After hearing the witnesses, receiving the exhibits and listening to arguments of counsel, the trial judge ruled "[t]hat Frank Petrauskas and Anna Petrauskas are interested parties in the real estate and entitled to notice in accordance with the provisions of Sections 263 and 266 of the Illinois Revenue Act; and * * * the owner, mortgagee, last assessee and all parties interested, who are represented by counsel in this case, except Frank Petrauskas and Anna Petrauskas, have been duly notified of the date of the sale and the date of the expiration of the period of redemption, and also, all parties interested who are represented by counsel, except Frank Petrauskas and Anna Petrauskas, have been duly notified of the filing of the petition of the petitioner in this case, the number and the date upon which an application for an order directing issuance of a deed should be made." The court denied issuance of the tax deed and made its judgment a final, appealable order.

It is this ruling that gives rise to the issue whether Frank Petrauskas and Anna Petrauskas were parties interested in the real estate involved. First Lien Co. contends that Frank Petrauskas and Anna Petrauskas are not "parties interested" within the meaning of Sections 263 and 266 of the Revenue Act, that is, those entitled to the notice, because they were agents of their son, Charles Petrauskas, a beneficiary of the land trust which held title to the real estate involved. First Lien Co. argues that the beneficiaries of a land trust are not entitled to notice. Therefore, "[i]t must follow that beneficiaries' agents cannot be entitled to notice if the beneficiary himself is not * * *." In support, First Lien Co. cites a number of cases, including Application of County Treas. & Ex-Officio Co. Col., 113 Ill. App.2d 50, 251 N.E.2d 757, recently decided by this court.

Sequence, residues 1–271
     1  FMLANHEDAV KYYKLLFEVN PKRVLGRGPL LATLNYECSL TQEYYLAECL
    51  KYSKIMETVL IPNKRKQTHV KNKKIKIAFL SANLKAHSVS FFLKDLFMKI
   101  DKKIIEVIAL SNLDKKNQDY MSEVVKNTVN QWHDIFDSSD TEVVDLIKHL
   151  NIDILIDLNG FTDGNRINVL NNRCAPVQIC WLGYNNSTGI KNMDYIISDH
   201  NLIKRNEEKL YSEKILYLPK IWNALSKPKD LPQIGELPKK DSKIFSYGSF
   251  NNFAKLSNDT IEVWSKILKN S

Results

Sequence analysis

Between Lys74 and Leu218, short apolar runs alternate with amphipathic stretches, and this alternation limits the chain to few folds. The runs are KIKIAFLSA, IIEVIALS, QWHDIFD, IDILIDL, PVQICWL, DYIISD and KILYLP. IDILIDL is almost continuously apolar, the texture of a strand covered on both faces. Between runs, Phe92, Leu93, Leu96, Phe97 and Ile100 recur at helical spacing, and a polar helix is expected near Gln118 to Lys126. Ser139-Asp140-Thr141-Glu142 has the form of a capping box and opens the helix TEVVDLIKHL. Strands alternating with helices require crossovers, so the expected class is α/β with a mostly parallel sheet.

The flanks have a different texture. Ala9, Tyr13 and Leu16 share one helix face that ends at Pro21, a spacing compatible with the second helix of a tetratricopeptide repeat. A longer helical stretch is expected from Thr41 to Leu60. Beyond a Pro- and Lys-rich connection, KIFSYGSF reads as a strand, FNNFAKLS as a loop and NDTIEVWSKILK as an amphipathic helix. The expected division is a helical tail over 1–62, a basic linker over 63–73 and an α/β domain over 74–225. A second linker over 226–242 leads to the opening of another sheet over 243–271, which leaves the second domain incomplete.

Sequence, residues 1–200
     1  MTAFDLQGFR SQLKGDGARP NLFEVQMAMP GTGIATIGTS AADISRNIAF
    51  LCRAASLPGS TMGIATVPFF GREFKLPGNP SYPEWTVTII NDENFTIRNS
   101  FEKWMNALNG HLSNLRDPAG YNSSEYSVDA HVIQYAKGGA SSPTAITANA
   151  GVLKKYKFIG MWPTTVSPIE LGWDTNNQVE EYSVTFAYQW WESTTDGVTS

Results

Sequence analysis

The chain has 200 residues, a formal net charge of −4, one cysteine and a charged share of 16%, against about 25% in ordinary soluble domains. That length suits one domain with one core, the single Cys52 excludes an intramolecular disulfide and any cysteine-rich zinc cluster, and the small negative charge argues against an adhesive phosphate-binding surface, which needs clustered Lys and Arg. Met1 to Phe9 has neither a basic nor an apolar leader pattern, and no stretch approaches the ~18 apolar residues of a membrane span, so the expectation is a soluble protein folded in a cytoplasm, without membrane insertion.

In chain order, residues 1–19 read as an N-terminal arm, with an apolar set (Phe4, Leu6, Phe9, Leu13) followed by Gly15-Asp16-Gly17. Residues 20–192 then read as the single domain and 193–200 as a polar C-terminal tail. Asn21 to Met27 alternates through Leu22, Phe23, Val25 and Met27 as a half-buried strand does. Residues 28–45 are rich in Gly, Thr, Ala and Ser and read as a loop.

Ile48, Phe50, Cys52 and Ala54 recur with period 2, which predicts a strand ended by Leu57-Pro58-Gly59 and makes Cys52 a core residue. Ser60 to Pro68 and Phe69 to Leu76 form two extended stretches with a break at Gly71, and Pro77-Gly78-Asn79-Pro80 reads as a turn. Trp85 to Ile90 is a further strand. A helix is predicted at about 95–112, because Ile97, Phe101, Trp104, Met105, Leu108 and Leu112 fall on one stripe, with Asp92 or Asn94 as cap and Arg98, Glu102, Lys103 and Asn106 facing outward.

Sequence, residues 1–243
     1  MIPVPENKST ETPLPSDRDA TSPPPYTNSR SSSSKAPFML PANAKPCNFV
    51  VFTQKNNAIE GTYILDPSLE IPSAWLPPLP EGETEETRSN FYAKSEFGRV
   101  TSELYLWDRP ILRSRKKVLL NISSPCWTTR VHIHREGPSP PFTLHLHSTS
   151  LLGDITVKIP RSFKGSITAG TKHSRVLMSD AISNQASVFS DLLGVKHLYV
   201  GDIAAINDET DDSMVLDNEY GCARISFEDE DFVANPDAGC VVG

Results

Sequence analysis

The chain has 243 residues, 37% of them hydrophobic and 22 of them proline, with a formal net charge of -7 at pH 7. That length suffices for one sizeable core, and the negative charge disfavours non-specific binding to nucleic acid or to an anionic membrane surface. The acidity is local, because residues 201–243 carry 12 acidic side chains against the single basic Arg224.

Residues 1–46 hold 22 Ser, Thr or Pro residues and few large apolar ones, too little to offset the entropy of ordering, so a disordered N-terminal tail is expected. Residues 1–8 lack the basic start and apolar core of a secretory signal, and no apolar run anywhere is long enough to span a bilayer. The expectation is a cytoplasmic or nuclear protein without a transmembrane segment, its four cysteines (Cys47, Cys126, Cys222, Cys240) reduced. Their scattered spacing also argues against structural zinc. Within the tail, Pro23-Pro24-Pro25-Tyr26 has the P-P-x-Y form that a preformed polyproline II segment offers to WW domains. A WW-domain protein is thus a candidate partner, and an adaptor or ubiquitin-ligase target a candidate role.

To meet this contention, respondents argue that in the trial court, by its pleadings, its evidence and the argument it presented, First Lien Co., "[w]ithout the knowledge of either Frank or Anna Petrauskas, recognized them as `parties interested in the real estate' in question." Respondents insist that in the trial court the hearing proceeded "[o]n the theory that Frank and Anna Petrauskas were `parties interested in the real estate' * * * entitled to personal service of notice as provided by Section 263 and 266 of the Revenue Act."